On the use of sample entropy and quantized dynamical entropy of human gait signals as biomarkers of increased fall risk: experimental data analysis

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Ahmadi, Samira
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Identifying people who are at risk of fall during walking is crucial. The objective of this thesis is to comprehensively evaluate the application of two selected entropy measures, sample entropy (SampEn) and quantized dynamical entropy (QDE), as biomarkers of increased fall risk when applied to whole gait signals. SampEn is the most used entropy measure in human gait studies and QDE has the robustness of SampEn to noise but offers a superior computational performance. The first study further investigates the viability of SampEn and QDE along with choosing the signal which best discriminates between young healthy adults and elderly fallers as well as between walk only and dual-task walking condition. The results suggest that, amongst the five different signals representing trunk motion, leg motion, and the center of pressure of feet displacement, the center of pressure in the mediolateral direction (ML COP-D) is the best signal. The second study establishes the sensitivity of the SampEn and QDE of the ML COP-D signal to two preprocessing methods and to variant values of template size, tolerance size, and sampling rate. The results suggest that SampEn and QDE benefit from a relative consistency across variant parameter values, showing a significant increase from walk only to dual-task walking condition, especially when signals are low-pass filtered. Finally, the correlation of SampEn and QDE with two other families of gait measures (i.e., variability measures and the short-term largest Lyapunov exponent [LLE] measure), which have been used for gait stability assessment, is investigated. Two difficulty levels for the secondary visuomotor cognitive games are used. The results show that all gait measures increase due to dual-tasking, except for the short-term LLE which increases significantly only during the easy game. Additionally, these measures are not sensitive to the degree of difficulty of the secondary tasks. This is along with a poorer task performance when participants perform the secondary task while walking as compared to stationary standing. Only one variability measure, dispersion of foot placement in the mediolateral direction, is positively correlated with SampEn and QDE. Overall, the SampEn and QDE of whole gait signals show a great potential to serve as biomarkers of increased fall risk because they consider both inter-stride and intra-stride information of human gait cycles and are able to discriminate between different walking conditions.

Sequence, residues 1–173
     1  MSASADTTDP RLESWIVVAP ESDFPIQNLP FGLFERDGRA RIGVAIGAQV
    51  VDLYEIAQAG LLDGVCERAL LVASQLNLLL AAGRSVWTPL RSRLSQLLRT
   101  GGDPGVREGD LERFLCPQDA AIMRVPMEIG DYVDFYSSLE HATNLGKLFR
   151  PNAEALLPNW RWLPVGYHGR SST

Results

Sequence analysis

Entropy measures, Human gait, Dual-tasking, Fall risk
S. Ahmadi, C. Wu, N. Sepehri, A. Kantikar, M. Nankar, and T. Szturm, “The effects of aging and dual tasking on human gait complexity during treadmill walking: a comparative study using quantized dynamical entropy and sample entropy,” J. Biomech. Eng., vol. 140, no. 1, p. 011006, 2018
S. Ahmadi, N. Sepehri, C. Wu, and T. Szturm, “Sample entropy of human gait center of pressure displacement: a systematic methodological analysis,” Entropy, vol. 20, no. 8, p. 579, 2018.